For The Answer
Week of January 26, 2004
By Calvin Finch, Conservation Director, SAWS, and Horticulturist
FRUITS FOR SAN ANTONIO
Most of the nurseries in the San Antonio area have received their shipment of fruit trees for the year. Container grown plants can be planted year-round but now is the best time.
There are some fruit species that require special coddling to encourage reasonable production and others that are easier to grow in this area.
The toughest, most adapted fruits include Oriental persimmon, pomegranate, blackberries, and figs. Plums, pears, and grapes are in an intermediate category, and apples, strawberries, and peaches are the most difficult to grow. Do not bother to try and grow raspberries, cherries, or blueberries; they do not survive in our alkaline soil and/or weather conditions. Apricots make a pretty tree but are not productive in this area.
Oriental persimmon make a wonderful lawn tree. The trees are small and open with large leaves that can be colorful in the autumn. The fruit on the tree often looks like Christmas bulbs—colorful, well spaced, and showy. Persimmon is astringent; it will make you pucker up if it is eaten before it is mushy ripe. The exception is Fuyu. Another variety to consider is Haichiya. The birds, raccoons, and opossum will eat the fruit you do not harvest. Oriental persimmon can be grown in our native soil. It will survive without irrigation but will produce more fruit if it is watered regularly in the summer.
Figs are also easy to grow in San Antonio. Select from Celeste and Texas Everbearing. They all have a closed eye (keeps insects out). Brown Turkey has an open eye but is still a good choice. Once established, figs can survive without irrigation but will not produce much fruit. Mulch heavily (4 to 8 inches) over the root system and irrigate regularly for maximum production.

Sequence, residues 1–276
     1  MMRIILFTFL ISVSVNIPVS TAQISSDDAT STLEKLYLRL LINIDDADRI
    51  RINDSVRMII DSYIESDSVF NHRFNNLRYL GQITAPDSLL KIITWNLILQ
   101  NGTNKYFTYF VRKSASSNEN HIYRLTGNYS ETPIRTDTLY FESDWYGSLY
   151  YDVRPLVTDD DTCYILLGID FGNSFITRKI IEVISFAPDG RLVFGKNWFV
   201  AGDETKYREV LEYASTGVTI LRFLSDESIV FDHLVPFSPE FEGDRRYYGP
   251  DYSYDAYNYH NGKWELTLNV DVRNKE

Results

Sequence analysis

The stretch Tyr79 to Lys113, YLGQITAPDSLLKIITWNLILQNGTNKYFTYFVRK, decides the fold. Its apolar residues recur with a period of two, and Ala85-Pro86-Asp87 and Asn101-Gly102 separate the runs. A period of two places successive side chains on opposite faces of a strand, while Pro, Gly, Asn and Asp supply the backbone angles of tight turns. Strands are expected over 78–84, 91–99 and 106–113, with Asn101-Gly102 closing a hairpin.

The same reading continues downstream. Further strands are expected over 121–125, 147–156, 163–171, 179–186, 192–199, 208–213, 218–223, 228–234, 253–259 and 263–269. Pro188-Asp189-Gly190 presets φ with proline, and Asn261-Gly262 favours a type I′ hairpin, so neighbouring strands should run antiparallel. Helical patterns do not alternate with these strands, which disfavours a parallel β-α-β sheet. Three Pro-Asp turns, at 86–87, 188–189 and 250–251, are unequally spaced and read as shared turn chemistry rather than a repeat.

Blackberries are so productive they can be overwhelming during their short season. They also can take over your garden because of their growth rate and thorns. If you have blackberries, expect to be ruthless in rogueing out the canes that spread from the original planting. The old wood must also be removed after harvest in April or May to make room for the new canes. Consider Brazos, Kiowa, or Rosborough for huge yields. Thornless selections such as Arapaho and Navajo are not as productive but are easier to manage.
Pomegranate is an interesting fruit. The tart flesh surrounds the seeds inside an apple-shaped case with a crown. The fruit is attractive on the shrub but the blooms are spectacular. They are glow-in-the-dark red-orange in late spring. The plant is one of the few deer-proof fruits. It makes a large dense deciduous shrub. Wonderful is the recommended variety. Pomegranate is a good xeriscape plant.
Plums, pears, apples, and peaches all do best in raised beds irrigated with drip irrigation. A bed formed by used railroad ties (8 by 8 foot) filled with a landscape mix works well. Plant the tree in the middle of the bed. Varieties of these fruits require differing amounts of winter cold to produce fruit. An Elberta peach does not work in San Antonio because it need more cold. Some selections also cannot cope with our diseases. Bartlett pear is very fireblight susceptible and only usually lasts through one bloom period.
These fruit trees also require varying amounts of pruning and spraying attention. Pears and plums the least, and peaches and apples the most. Consult plantanswers.com for the recommended regimes and diagrams.
Methley is the most reliable plum for the San Antonio area. Santa Rosa also is a good choice. For pears select Orient or Kiefer for a large cooking pear. Warren is a small irregularly shaped pear of dessert quality if you can find a tree. Leconte and Moonglow are also good choices.
Plant two varieties of apples that bloom at the same time for the best success. A good choice is Anna and Dorset Golden. Mollies Delicious is also an option.
Peaches are a favorite fruit for our area but require considerable attention including weekly spraying to produce blemish-free peaches. Nectarines are just peaches without fuzz and because of the smooth skin are even harder to grow free of fungus and insect damage. To increase the chance of success, select early maturing varieties. There is less time on the tree for insects, squirrels, and diseases to strike. My favorite are Junegold and Texroyal. Texstar and Florida King are also good early selections. La Feliciana is a freestone that matures in June. If you want a challenge, Armking is the nectarine to try. Try Melba or Belle of Georgia for a white peach. They do best after cold winters. The Red Baron is an ornamental peach. It has the most beautiful and long lasting bloom. The fruit is high quality but is late and I never get as much as the squirrels.
Grapes are very susceptible to disease in the San Antonio area. Black Spanish and Champanel are productive and aggressive vines that can be used for jellies. Flame and Seibel 9110 are fresh fruit quality.
Strawberries need to be treated as annuals in South Texas. Select Chandler or Sequoia plants to plant in the autumn for spring harvest. Strawberries do not survive the summer heat.